Hrdlitschka tried very hard to present all sides of the polygamy issue and maintain a neutral point of view. In Williams's story, however, the male leaders of the community are indisputably evil, and one dark event follows another. An infant is deliberately ducked in water and nearly drowned simply because the previous day the adults were unable to stop her crying.

Disabled babies are killed at birth. A teenage girl forced to marry a much older man is accused of adultery and murdered. And so on. Many people might accuse Williams of prejudice against polygamists, but the polygamy seemed almost incidental to the story. Take the polygamy out and you wouldn't lose much. You've still got girls into marriage with men many times their age, the murder of infants, etc. I think the story wasn't about polygamists, it was about an isolated and thoroughly cowed group of people in the grip of some truly terrible leaders. This book could have been about Jonestown.

Or North Korea. The Chosen One is a quick read. Not only is it relatively short at a little over pages, but the atmosphere of suspense -- as the protagonist's wedding date approaches -- kept me rapidly turning pages. I actually found it more realistic than Sister Wife, particularly at the end. The ending is ambiguous and it's clear that the girl and her family's troubles are far from over, but it was about as hopeful as you could reasonably expect. I liked the story a lot, but it's not for everyone. The sheer darkness of it, and the violence, make it lean towards the older end of the YA spectrum, though the protagonist is only thirteen.

View all 10 comments. Apr 24, Kristi rated it liked it. This novel was nothing short of spectacular. This is a very intense topic and I was glad to see it represented in a young adult novel.

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I was enraged, disgusted, and saddened by this novel. I never once questioned her desire to stay. Why would you not? To leave your family and everything you have come to know. I only hope that I would posses that t This novel was nothing short of spectacular. I only hope that I would posses that type of courage, that she must have had to posses in order to leave. And yet the other end contains the darker side, the killing of defective babies, beating, and tortuous discipline. There was one aspect that bothered me, and it had to do with the cell phone. And perhaps it was just me, but for as completely forbidden everything from the outside world was, I find it very hard to believe that Kyra could operate a cell phone with such ease.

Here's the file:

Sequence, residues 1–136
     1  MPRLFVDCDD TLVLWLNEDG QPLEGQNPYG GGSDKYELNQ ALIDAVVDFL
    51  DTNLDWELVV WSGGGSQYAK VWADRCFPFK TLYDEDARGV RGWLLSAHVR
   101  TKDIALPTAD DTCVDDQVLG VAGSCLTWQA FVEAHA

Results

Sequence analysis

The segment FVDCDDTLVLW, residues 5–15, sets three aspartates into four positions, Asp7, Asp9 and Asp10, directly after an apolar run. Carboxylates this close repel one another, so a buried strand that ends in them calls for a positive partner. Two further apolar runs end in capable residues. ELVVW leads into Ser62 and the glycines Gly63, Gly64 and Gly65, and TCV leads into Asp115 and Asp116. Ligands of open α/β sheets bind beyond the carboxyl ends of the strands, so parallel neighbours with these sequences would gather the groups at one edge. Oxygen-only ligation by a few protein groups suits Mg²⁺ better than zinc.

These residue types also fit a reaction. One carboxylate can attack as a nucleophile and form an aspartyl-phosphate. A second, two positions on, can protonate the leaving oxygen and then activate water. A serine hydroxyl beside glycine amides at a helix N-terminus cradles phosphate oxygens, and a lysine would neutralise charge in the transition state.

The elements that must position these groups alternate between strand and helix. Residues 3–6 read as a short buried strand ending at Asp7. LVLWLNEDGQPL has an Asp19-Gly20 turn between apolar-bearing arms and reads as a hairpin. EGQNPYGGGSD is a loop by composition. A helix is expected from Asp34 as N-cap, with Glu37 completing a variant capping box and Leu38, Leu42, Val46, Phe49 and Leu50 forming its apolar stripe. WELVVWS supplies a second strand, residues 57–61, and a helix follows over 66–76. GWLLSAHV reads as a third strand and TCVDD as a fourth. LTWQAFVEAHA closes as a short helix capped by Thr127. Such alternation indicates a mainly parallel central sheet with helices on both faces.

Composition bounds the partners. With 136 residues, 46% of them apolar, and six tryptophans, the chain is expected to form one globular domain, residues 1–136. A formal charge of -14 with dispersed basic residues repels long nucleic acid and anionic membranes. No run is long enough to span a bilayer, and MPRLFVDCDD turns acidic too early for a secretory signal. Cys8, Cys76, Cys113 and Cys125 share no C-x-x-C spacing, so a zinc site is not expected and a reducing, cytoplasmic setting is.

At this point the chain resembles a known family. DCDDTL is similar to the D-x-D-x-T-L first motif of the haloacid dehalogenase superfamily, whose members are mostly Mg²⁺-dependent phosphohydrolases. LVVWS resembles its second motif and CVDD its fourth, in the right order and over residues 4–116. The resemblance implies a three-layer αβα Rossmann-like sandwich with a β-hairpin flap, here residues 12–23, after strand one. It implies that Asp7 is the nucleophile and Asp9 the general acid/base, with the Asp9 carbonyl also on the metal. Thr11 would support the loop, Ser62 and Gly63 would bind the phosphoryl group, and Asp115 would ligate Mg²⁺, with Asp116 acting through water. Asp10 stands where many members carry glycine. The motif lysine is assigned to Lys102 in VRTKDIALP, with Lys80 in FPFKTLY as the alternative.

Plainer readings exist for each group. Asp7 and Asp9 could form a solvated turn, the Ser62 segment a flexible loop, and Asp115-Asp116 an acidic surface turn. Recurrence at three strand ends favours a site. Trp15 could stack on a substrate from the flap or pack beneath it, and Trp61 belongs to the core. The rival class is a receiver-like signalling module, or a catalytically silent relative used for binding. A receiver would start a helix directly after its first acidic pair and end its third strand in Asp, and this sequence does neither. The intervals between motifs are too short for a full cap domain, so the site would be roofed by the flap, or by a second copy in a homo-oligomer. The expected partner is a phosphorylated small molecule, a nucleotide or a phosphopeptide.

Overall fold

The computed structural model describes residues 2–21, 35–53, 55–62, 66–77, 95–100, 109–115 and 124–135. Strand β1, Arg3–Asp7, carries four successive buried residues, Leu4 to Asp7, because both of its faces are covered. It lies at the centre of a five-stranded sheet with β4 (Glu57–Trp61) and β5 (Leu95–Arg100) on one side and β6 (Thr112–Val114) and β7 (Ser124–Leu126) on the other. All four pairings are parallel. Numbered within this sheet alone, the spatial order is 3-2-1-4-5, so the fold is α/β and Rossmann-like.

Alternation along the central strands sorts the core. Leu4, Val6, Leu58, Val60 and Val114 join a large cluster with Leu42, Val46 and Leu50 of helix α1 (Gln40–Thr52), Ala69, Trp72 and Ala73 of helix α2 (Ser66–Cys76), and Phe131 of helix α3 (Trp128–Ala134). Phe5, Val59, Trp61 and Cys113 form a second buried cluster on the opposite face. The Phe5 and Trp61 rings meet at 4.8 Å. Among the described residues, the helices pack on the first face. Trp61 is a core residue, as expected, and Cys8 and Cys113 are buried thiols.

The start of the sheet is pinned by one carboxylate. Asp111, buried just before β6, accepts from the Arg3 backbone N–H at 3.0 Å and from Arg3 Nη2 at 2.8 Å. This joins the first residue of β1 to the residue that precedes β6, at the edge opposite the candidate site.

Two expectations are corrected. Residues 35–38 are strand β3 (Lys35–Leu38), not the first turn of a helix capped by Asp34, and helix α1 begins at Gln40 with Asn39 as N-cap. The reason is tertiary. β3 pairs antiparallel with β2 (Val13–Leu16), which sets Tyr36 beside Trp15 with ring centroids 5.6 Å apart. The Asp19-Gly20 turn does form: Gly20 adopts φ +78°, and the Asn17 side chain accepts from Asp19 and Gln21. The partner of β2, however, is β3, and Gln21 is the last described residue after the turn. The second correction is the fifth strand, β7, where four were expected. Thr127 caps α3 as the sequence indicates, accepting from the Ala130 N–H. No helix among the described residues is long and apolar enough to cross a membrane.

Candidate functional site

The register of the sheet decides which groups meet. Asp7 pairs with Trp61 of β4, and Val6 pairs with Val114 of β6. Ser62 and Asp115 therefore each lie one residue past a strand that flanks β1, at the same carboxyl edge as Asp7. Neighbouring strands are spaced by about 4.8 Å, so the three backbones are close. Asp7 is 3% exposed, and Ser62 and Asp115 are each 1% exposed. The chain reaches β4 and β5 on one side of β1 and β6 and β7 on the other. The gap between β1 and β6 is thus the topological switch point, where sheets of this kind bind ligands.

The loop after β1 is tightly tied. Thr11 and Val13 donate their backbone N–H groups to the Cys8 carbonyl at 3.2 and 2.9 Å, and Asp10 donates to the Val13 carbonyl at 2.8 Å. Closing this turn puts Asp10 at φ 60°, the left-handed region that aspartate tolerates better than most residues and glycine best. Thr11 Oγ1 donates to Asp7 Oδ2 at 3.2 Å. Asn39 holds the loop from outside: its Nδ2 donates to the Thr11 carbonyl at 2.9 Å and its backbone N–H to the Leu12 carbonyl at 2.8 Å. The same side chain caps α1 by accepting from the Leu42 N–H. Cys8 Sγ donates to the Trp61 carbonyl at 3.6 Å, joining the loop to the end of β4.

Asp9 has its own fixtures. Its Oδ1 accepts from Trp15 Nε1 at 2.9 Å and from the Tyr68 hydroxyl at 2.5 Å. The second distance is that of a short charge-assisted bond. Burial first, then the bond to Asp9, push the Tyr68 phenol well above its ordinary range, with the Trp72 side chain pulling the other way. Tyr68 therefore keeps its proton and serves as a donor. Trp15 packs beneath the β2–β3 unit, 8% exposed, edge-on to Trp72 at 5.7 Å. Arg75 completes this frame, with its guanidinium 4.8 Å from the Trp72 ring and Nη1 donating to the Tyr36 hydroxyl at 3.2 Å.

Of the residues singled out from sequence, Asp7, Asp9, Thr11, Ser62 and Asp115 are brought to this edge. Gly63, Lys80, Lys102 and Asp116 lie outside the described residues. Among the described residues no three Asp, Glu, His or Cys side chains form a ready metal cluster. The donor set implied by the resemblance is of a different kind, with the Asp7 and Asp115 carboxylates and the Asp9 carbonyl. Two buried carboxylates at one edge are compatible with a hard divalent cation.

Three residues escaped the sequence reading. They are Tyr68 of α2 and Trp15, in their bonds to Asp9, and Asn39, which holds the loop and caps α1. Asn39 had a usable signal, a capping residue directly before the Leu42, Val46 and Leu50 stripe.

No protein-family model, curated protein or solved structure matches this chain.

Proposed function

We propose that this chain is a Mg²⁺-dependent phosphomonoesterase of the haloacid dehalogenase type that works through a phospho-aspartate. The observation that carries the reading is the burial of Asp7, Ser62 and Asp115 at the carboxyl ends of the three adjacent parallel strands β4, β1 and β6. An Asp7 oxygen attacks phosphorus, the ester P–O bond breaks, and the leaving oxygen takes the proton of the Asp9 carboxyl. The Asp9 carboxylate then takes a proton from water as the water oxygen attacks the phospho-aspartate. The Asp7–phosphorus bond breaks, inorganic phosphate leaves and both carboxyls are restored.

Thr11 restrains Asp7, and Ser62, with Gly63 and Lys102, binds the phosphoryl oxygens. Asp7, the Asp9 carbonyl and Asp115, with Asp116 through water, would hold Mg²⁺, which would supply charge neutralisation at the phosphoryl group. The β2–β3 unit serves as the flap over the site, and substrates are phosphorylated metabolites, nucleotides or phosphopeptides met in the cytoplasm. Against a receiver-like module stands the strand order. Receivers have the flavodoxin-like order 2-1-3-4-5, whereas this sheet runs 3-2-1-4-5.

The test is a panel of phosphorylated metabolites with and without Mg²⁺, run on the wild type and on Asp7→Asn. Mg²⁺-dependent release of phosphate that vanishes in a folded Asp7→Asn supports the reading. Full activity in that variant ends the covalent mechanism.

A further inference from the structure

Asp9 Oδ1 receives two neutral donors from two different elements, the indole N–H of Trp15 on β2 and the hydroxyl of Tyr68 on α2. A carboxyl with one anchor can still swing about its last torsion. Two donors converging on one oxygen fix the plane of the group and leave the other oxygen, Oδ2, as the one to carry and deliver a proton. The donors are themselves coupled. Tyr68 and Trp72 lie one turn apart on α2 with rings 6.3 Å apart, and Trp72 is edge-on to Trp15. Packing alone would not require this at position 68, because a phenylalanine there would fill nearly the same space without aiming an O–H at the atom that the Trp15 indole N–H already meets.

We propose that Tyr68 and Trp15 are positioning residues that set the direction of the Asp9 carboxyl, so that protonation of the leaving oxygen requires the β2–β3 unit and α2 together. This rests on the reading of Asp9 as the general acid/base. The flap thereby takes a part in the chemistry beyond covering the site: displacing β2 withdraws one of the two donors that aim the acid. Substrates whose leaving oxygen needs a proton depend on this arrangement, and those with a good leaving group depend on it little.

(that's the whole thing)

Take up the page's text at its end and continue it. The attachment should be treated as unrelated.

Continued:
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Mar 11, Jessica rated it it was amazing Shelves: youngadult. A heart-breaking work of great beauty. Williams delves into the conflicted heart of a young girl, raised in a strict polygamous sect, who is trying to break free. She is bound to marry her year-old uncle in a matter of weeks, something that she would rather die than do. But if she defies the church, what will the consequences be for her family? And if she leaves it all behind, will she ever see anyone she loves again? Gripping from the first page, beautifully written, piercing.

Out here. Just us. Just The Chosen Ones. Choose who you want to marry, or how many spouses your husband marries? How many children you want? What you can read, watch, do? We seem to take it all for granted, and in this harrowing read, Carol Lynch Williams takes us into the world of Kyra Leigh Carlson, who has the ability to choose none of the above. Thirteen-year-old Kyra Leigh lives with her twenty brothers and sisters, three mothers, and father in isolation in the Utah desert under the watchful eye of the Prophets.